However, careerism and cowardice are only part of the explanation for the nature of their response. The main focus of the Labour left throughout the party’s history has been the election of a Labour government and the safe pursuit of reformist politics strictly within the confines of the constitution. Unity with the openly pro-capitalist right and keeping their appointed place within the fold at any cost has been an essential element in that strategy, and so it continues today, even in the face of Starmer’s open declaration of war.
This explains what became the hallmarks of Corbyn’s leadership: namely his constant compromising with the right and a refusal to remove the plotters and fifth columnists working against his leadership within the Parliamentary Labour Party. Such saintly forbearance is undoubtedly admirable in private life, but for socialists and those committed to militant class politics in the Labour Party such passivity in the face of the enemy is inexcusable.
These original sins of the Labour left are not just revealed in acts of omission and capitulation to the right. Many leaders of the official left have been more than willing to sacrifice socialists and throw their ‘comrades’ under the bus in the interests of ‘party unity’. This explains why the statements quoted above all accept the underlying premise of the EHRC report and the slanders of the Labour right and their friends in the media about the extent and nature of ‘anti-Semitism’ in Labour. Far from having zero tolerance towards the libels linking the socialist left to anti-Semitism, Jeremy Corbyn constantly gave ground and allowed good socialists and campaigners for Palestinian rights to be sacrificed to appease the right. Corbyn’s former chief of staff even boasted of how committed and zealous the Corbyn leadership had been in dealing with ‘anti-Semitism’ in the party - or, to give it its real name, pursuing a witch-hunt at the behest of the Labour right.9
Thus, the genuflections to the EHRC report are not simply diplomatic niceties, reluctantly conceded by the spokespeople for the official left. When they compromise and equivocate, describing the report as “well-balanced” and a way to “repair the party”, they know full well what they are doing. When they call for the implementation of its recommendations, they clearly understand that they are legitimising these attacks on the left and preparing the ground for a further intensification of Starmer’s purge.
The refusal of the Labour left leaders to take the fight to the right is all of a piece with their previous complicity in the witch-hunt: their pathetic response in the last week shows that we cannot rely on them to take us anywhere - except into a dead end of compromise and defeat. But, if they are clearly not up to the job, the reaction of many ordinary party members to Corbyn’s suspension shows the potential that exists. The online protest meetings, such as those organised by Labour Against the Witchhunt, and the reports of Constituency Labour Parties passing resolutions demanding Jeremy Corbyn’s reinstatement indicate a willingness amongst the party rank and file to carry the fight to Starmer.10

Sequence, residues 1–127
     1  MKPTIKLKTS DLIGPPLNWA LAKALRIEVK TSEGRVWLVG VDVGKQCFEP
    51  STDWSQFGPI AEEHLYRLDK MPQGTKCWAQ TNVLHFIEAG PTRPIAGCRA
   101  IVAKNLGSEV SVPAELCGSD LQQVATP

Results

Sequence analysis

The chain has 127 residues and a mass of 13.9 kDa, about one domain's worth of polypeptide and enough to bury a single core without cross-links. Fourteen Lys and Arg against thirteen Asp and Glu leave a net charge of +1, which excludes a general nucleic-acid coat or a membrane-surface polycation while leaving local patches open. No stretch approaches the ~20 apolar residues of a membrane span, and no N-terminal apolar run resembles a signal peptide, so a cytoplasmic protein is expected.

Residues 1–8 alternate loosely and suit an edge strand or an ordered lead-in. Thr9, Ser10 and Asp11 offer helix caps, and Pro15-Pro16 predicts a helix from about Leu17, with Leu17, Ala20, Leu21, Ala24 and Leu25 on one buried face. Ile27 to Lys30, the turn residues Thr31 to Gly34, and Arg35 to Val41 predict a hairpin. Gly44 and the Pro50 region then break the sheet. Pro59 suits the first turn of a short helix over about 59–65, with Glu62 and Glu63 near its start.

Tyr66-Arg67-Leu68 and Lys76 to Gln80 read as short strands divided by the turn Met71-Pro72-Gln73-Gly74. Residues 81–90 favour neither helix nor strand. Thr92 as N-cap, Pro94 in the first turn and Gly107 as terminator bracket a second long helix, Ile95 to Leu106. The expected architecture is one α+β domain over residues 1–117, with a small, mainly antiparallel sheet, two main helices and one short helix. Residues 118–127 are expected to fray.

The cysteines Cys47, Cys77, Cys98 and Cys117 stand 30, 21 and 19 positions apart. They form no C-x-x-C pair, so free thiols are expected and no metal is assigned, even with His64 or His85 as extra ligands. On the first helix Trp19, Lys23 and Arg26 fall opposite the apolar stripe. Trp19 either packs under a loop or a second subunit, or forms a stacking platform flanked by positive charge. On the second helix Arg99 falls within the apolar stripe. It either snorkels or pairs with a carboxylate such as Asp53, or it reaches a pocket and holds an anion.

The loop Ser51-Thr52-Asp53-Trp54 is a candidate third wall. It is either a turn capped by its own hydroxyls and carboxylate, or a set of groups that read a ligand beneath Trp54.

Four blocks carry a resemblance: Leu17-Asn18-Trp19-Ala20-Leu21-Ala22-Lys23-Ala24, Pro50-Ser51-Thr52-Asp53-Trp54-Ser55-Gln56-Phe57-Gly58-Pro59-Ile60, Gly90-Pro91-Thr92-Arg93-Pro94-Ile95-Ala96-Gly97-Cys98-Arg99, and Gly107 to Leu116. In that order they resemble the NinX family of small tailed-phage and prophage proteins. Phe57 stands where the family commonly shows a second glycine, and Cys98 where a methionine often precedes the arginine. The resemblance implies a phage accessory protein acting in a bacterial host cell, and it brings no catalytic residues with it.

But it is true that there is also a great deal of confusion and uncertainty about how exactly we can begin to fight back. The calls for calm and playing by the rules laid down by the right have demoralised many. Reports of party officials prohibiting any discussion of the EHRC report or Corbyn’s suspension are commonplace, as is the complicity of supposedly left MPs in closing down debate and restricting opposition to the diktats of Starmer’s new management. The result is that many socialists have either lapsed into inactivity or left the party altogether. Some are proposing establishing new groups outside the Labour Party or concentrating on other forms of ‘grassroots activism’. Such attempts at ‘new politics’ will inevitably peter out, in either a sectarian cul-de-sac or aimless activism.
Rather than abandon the field to the right, socialists should stay and fight. However, that fight should not simply be one in defence of party democracy and free speech. It is of necessity a fight against the pro-capitalist leadership and for an organised political current committed to a Marxist programme. Starmer has launched a civil war against the left, and, unlike John McDonnell, Len McCluskey and co, Labour Party Marxists will not turn away from the challenge. We will be arguing that socialists should not waste any more time awaiting the call (which will never come) from the official left. Instead we will be encouraging comrades on the left to organise through Labour Against the Witchunt against the purge.
The dogs of the official left who didn’t bark last week have shown they will never take the fight to the right. We cannot wait around any longer: we cannot afford to cede the initiative to the right. Now is the time for us to show our teeth and begin the serious, militant response that Labour’s crisis demands.
youtube.com/watch?v=E-PG_L2-xoo; and facebook.com/RadicalAlliance.↩︎